Trade Secrets Law
Trade secrets consist of any formula, pattern, device or compilation of information used in a business that gives the business an opportunity to obtain an advantage over competitors. Simply put, a trade secret might be anything a business would not want a competitor to know. Customer lists, supplier lists, business plans, methods of doing business, secret formulas, or proprietary databases could constitute trade secrets.
A business, as an owner of trade secrets, must take affirmative measures to safeguard its proprietary information. If a dispute were to arise over a business’ trade secrets, a court would critically analyze the efforts the business took to protect its trade secrets. Such efforts could include the following:
- Non-compete agreements. These agreements prevent an employee from competing against the company after employment ends. These agreements are typically limited to a geographic area and a limited period of time.
- Written trade secrets policies. The policies should generally outline the nature of your business’ trade secrets and stress the company’s policies for maintaining confidentiality.
- Restrict access to trade secrets. If possible, the business should physically segregate trade secrets from other information and restrict access to the former.
- Maintain physical security of the business’ facilities. The business should institute security measures, including the use of locks on desks, cabinets and rooms that house trade secrets. The business should employ special security measures to restrict access to trade secret information stored on computer systems.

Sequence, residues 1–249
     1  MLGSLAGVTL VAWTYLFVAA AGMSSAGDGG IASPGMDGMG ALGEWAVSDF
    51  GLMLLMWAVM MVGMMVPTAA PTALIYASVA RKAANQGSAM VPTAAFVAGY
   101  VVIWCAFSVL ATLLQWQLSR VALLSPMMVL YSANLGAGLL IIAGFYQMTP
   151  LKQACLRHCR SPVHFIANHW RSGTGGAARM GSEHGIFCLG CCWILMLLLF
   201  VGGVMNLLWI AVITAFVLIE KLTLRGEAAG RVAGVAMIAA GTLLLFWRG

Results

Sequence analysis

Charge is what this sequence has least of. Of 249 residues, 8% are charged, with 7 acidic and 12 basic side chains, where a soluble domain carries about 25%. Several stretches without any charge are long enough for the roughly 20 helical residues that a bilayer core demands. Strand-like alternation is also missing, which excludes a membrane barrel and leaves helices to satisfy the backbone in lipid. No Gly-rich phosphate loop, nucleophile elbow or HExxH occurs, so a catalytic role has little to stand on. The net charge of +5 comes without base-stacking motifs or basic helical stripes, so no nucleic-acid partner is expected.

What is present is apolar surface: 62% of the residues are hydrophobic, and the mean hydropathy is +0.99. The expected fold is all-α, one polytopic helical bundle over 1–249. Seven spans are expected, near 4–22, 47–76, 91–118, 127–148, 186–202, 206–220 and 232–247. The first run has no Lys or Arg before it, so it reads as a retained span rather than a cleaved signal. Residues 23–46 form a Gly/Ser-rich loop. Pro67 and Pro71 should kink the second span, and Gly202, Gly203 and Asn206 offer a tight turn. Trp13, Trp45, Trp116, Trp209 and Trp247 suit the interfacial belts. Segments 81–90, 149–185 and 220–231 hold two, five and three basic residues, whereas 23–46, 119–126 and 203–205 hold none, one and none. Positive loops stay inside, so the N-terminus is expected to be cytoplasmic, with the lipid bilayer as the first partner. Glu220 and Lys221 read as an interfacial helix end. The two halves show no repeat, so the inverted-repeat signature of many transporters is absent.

- Label trade secret documents. Documents containing trade secrets are of particular concern, because they can be easily removed or secretly photocopied. A business should clearly label trade secret documents with a confidentiality notice and instruct all employees as to the meaning of the designation. When such documents are no longer necessary, they should be shredded.
- Limit the public’s accessibility to trade secrets. A company should exclude the public from those areas in which trade secrets are located.
- Screen speeches and publications. It is not uncommon for businesses to disclose trade secrets at trade shows, in magazine articles, publications or press releases and during public speeches. A business should screen all publications, articles, and speeches prior to dissemination.
- Use non-disclosure agreements when dealing with third parties. Situations will arise in which a business will find it necessary to disclose trade secrets to prospective buyers, licensees, joint venturers or other third-parties. All third-parties should sign a written confidentiality agreement before any trade secrets are revealed.